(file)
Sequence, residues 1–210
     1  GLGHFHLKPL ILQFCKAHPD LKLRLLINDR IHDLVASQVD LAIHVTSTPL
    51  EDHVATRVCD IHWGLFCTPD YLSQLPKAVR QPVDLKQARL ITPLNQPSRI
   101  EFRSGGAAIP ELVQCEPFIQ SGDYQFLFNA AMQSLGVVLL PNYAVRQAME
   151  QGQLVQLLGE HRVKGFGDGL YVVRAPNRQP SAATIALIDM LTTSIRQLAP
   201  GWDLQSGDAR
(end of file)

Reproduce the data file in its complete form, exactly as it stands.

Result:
Sequence, residues 1–210
     1  GLGHFHLKPL ILQFCKAHPD LKLRLLINDR IHDLVASQVD LAIHVTSTPL
    51  EDHVATRVCD IHWGLFCTPD YLSQLPKAVR QPVDLKQARL ITPLNQPSRI
   101  EFRSGGAAIP ELVQCEPFIQ SGDYQFLFNA AMQSLGVVLL PNYAVRQAME
   151  QGQLVQLLGE HRVKGFGDGL YVVRAPNRQP SAATIALIDM LTTSIRQLAP
   201  GWDLQSGDAR